On 16th August 2018, an appeal court handed down a four-month prison term, suspended for two years to three anti-coup activists - Piyarat Chongthep, Jirawat Ekakaranuwat and Songtham Kaewphanpruek. According to the prosecution, Piyarat tore up a ballot paper in August 2016, to protest against what he called an "undemocratic constitutional referendum" while the other two filmed the protest.

A military-backed draft constitution, which many believed was undemocratic and enshrined military power, was put to a vote in August 2016. The junta banned criticism of the charter in the run-up to the vote and orchestrated a crackdown on dissent by arresting activists and media workers.

Previously, in September 2017, the Phra Khanong Court had thrown out the charge of causing disorder against the three activists but found Piyarat guilty of damaging public property. He was originally sentenced to four months in prison and fined 4,000 baht (121 USD), but his prison term was substituted for a two months suspended sentence for one year and a reduced fine of 2,000 baht (60 USD) after he confessed. According to the Phra Khanong Court, the two others did not break any law when they filmed Piyarat.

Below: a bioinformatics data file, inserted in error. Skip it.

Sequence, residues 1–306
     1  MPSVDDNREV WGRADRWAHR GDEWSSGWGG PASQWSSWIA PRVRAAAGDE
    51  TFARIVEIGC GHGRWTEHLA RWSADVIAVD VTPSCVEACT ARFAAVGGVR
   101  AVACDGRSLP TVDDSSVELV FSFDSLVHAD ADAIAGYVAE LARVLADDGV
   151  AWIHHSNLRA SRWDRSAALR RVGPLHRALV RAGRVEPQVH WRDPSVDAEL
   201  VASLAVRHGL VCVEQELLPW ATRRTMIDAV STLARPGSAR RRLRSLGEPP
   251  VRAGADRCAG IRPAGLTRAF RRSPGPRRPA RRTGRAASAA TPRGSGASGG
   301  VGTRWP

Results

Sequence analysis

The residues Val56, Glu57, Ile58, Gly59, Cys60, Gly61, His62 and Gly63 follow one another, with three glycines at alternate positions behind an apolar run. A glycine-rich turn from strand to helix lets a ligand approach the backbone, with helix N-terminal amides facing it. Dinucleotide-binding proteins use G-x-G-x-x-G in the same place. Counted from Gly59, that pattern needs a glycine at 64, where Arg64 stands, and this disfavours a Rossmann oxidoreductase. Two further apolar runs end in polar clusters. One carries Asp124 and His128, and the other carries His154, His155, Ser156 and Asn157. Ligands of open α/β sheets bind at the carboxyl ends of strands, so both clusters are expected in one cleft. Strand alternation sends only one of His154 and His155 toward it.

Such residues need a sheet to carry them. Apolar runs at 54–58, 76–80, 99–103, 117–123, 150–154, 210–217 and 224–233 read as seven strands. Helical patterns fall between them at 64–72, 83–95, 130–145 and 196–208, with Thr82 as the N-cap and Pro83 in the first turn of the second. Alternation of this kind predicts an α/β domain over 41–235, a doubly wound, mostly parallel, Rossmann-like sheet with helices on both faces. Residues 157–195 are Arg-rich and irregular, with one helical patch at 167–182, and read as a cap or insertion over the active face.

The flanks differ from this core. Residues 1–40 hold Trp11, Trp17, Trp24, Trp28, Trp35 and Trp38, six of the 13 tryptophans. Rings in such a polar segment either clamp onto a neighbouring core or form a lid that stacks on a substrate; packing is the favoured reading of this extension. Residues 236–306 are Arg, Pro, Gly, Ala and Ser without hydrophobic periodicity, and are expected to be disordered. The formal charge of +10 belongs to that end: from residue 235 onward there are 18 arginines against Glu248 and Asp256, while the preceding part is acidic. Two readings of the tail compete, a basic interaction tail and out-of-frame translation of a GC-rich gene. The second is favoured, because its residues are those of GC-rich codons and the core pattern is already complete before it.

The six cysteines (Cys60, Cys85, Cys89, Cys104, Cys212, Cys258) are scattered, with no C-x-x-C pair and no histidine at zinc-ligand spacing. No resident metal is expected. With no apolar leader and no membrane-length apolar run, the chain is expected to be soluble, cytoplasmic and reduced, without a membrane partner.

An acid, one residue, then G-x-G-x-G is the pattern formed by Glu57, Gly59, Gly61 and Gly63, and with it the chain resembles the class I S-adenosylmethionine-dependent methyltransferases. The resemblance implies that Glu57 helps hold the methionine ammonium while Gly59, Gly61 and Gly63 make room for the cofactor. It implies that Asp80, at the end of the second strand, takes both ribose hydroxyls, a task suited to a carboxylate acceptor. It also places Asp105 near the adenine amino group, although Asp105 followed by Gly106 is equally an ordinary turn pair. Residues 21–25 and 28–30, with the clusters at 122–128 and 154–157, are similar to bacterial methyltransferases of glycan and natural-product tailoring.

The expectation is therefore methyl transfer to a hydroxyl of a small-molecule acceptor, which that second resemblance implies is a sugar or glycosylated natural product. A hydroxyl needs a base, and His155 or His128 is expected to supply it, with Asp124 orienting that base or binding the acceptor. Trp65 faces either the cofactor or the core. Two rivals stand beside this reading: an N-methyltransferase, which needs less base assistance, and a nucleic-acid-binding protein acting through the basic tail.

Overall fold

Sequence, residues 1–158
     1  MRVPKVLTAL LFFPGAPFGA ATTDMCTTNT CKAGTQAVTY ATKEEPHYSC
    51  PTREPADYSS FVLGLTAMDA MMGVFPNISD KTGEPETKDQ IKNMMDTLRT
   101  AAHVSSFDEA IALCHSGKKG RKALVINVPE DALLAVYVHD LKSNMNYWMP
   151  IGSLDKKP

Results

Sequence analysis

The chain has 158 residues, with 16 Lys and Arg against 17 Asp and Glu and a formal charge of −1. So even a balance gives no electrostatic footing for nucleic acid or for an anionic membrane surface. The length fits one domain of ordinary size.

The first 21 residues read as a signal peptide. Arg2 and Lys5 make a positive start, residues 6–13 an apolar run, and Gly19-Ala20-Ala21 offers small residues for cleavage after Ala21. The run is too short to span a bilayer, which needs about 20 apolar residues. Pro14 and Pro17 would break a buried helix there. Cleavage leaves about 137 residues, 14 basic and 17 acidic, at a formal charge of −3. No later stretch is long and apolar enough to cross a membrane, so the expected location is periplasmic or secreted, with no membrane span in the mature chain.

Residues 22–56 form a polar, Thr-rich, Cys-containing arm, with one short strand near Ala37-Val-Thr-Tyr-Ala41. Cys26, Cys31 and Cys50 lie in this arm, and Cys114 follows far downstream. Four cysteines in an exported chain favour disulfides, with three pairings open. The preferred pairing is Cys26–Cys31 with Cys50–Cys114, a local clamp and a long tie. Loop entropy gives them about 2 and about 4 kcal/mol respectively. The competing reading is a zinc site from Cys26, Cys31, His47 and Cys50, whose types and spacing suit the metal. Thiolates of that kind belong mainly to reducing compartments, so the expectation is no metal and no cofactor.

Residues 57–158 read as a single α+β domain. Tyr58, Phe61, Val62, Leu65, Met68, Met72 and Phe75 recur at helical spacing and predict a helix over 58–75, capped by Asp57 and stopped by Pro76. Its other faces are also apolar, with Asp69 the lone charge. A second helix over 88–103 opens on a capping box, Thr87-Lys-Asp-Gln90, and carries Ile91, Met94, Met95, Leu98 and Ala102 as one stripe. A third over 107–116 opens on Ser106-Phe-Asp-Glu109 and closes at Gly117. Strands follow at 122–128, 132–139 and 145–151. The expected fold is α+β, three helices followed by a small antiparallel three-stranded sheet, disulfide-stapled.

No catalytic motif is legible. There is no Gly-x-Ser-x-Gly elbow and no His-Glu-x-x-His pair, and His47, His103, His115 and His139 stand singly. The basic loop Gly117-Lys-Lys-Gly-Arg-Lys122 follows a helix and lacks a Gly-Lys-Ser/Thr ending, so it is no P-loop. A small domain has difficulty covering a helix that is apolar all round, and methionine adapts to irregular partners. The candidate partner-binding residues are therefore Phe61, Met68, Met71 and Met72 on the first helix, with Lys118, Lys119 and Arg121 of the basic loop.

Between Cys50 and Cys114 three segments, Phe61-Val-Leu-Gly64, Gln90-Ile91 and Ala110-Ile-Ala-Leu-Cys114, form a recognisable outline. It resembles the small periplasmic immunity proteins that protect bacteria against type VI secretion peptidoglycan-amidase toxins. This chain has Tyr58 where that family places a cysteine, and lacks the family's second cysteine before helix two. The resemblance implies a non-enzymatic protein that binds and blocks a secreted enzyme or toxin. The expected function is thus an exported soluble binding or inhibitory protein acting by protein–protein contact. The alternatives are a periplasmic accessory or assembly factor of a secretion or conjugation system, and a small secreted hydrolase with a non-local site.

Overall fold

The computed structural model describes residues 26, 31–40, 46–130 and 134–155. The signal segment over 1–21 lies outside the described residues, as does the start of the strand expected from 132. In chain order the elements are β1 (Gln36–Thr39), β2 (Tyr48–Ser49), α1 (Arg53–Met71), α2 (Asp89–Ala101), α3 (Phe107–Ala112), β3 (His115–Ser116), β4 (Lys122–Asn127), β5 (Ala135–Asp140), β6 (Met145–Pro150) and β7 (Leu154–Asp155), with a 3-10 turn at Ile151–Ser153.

Politicians charged with sedition

On 21st May 2018, three politicians were charged with sedition for holding a press conference, criticising the military junta. The politicians from the Pheu Thai party include Watana Muangsook, Chaturon Chaisang and Chusak Sirini. Five other party leaders were also charged with violating the ban on gatherings for attending.

At the news conference, party members attacked the junta for failing to solve economic problems, violating human rights and failing to combat corruption and heal the country's deep political divide.

The three politicians denied the charges after being interrogated by deputy national police chief Pol General Srivara Rangsibrahmanakul at the Crime Suppression Division.

Thai court drops charges against workers who alleged abuses